With no comprehensible knowledge of how big the universe is, or even if there is only one, there are endless possibilities to discover about space. So who’s at the top of their game when it comes to astronomical scientific breakthroughs?
We’re continuing our Science 50 with ten astronomical women, who are making huge advancements in the field of astronomy, rocket science and space.
Wendy Freedman has had a significant impact on modern astronomy, leading the construction of the Giant Magellan Telescope (GMT) project in Chile, one of the strongest such devices in the world. Elsewhere, her studies of Hubble Telescope’s range – which will ultimately be dwarfed by GMT when it’s completed – has led to advances in observational cosmology. Her other fields of interest are the stellar populations of galaxies, the evolution of galaxies, and the initial mass function.
Currently professor of astronomy and astrophysics at University of Chicago, Freedman recently won the 2016 Dannie Heineman prize for astrophysics. She was also awarded the 2016 Women in Space Science Award earlier this year.
Nandini Harinath has been an active member of the Indian Space Research Organisation (ISRO) for two decades, working across 14 missions to date. Serving as the deputy operations director of ISRO’s successful and remarkably cost-effective Mars Orbiter Mission, Harinath has been a vocal advocate for female inclusion in her industry. At the ‘India Today Woman Summit 2015’, she discussed sexism in the science industry.
The rocket scientist designs and develops satellites for ISRO. She has numerous publications and has received a multitude of awards and recognitions, including the ‘India Today Woman in Science Award 2015’.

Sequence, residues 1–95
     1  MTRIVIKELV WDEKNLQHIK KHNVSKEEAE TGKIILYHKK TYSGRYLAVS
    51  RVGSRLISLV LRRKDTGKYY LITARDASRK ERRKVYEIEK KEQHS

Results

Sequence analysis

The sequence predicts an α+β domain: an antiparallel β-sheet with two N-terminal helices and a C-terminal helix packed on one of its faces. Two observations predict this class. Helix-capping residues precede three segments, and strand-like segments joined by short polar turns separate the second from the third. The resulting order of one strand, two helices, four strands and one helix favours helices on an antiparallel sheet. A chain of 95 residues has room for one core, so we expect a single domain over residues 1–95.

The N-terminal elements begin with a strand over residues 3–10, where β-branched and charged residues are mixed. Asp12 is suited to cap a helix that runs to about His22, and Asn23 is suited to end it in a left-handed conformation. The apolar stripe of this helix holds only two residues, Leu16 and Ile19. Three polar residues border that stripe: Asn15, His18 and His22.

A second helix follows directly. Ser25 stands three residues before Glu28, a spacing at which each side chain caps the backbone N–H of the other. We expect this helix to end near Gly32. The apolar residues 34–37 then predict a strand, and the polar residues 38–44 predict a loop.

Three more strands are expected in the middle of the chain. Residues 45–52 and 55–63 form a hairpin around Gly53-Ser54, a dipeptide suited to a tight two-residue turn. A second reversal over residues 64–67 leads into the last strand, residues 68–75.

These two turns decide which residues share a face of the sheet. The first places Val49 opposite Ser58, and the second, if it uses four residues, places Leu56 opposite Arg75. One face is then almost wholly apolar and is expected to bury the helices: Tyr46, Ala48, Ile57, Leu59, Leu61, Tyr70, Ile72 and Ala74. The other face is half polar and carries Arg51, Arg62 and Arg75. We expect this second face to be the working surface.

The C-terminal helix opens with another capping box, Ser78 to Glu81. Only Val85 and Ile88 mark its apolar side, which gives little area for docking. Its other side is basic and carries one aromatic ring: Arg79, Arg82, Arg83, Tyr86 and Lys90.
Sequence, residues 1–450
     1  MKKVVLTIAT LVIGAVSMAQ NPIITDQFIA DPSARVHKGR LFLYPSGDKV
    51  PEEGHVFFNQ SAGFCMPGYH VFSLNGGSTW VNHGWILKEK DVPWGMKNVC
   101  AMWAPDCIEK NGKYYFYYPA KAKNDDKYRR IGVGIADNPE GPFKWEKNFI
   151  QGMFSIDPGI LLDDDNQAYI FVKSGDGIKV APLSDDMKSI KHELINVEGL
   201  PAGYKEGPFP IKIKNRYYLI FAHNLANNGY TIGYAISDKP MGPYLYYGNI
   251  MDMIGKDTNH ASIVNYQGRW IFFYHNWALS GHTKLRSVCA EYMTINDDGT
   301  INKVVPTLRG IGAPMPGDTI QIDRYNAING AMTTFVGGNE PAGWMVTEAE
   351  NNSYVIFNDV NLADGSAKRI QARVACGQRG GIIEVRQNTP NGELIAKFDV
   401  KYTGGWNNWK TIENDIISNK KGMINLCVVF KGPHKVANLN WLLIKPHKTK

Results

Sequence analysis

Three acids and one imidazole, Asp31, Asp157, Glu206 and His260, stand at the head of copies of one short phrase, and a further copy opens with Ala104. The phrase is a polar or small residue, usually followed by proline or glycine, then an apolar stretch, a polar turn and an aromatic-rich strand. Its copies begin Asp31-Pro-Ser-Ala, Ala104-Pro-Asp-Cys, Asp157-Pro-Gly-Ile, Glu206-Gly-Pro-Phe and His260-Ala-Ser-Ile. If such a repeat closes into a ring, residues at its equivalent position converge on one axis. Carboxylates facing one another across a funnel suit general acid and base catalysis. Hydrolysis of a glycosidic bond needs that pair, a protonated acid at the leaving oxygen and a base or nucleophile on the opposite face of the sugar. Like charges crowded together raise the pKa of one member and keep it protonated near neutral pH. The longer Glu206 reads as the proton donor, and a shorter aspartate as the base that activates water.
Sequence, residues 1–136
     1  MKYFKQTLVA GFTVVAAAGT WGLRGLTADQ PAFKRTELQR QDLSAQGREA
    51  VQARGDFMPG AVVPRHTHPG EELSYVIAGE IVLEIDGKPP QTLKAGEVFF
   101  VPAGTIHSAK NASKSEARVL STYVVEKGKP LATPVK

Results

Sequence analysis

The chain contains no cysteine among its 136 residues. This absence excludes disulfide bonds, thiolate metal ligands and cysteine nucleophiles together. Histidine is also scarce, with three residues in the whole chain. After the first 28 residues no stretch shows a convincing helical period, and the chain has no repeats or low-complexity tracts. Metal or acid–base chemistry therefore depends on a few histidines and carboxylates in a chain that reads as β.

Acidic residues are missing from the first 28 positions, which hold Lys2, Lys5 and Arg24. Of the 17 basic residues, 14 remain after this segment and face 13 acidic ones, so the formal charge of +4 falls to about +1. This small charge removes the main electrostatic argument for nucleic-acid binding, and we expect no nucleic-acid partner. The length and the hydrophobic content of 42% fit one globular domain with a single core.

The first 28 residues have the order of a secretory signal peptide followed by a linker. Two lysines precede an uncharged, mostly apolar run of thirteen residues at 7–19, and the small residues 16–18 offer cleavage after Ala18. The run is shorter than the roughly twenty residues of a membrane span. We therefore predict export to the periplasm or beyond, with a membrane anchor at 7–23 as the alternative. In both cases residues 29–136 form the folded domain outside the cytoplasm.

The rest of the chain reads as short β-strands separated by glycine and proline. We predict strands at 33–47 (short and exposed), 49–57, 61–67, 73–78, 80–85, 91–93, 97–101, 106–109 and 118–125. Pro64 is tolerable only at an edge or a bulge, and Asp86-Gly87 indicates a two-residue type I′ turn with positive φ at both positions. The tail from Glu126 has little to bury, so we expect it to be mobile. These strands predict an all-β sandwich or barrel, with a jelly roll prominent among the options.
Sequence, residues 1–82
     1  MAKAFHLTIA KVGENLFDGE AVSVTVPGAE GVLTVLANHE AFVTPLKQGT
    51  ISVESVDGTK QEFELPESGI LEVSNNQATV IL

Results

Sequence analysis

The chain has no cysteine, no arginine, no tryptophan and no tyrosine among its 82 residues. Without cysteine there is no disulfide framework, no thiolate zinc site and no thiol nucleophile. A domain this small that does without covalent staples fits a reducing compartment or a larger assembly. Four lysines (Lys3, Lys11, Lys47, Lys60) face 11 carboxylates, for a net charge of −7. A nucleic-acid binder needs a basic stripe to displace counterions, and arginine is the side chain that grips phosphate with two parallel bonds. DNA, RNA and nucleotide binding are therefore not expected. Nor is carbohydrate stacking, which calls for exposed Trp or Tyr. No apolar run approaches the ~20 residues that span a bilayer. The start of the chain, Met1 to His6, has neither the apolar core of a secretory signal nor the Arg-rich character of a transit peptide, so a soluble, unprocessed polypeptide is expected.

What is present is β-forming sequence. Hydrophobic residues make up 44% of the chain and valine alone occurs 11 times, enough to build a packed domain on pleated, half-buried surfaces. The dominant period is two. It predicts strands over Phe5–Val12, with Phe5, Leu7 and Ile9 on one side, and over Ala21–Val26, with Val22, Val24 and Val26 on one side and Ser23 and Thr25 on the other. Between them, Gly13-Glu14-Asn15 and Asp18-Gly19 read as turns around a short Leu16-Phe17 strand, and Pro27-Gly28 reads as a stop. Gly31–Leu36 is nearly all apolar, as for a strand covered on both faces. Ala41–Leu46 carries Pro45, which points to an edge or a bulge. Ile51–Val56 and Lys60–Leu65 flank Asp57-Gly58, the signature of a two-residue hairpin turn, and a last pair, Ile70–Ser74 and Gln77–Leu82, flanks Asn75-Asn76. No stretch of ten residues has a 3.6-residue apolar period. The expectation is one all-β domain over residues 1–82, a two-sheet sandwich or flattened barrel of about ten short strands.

Jocelyn Bell Burnell
Dame Jocelyn Bell Burnell is a Northern Irish astrophysicist, best known for her significant involvement in the discovery of pulsars (pulsating stars) while she was a PhD student at Cambridge University.
As a keynote speaker at Inspirefest 2015, Bell Burnell treated an enraptured audience to a riveting account of her work with pulsars and the media storm – and rampant sexism – that followed the discovery, and her view on what is widely considered a Nobel prize snub.
Dr Lucy Rogers, author of It’s Only Rocket Science, has an interesting CV. With a background in engineering, an interest in space debris dragged her into the realms of rocket science.
In an Inspirefest 2015 keynote, Rogers spoke about her surprising career path, and warned of the perils of space debris, giving a glimpse into her work calculating the probability of spacecraft colliding with debris in their orbital paths.
Norah Patten is a department chair at the International Space University, and a self-described space enthusiast. With a doctorate in aeronautical engineering and a lifelong love of space, Patten has a CV peppered with space-related achievements.
The former communications and outreach manager at the Irish Centre for Composites Research (IComp), University of Limerick, Patten was part of the team behind a research project looking at materials designed to make space less cluttered with junk.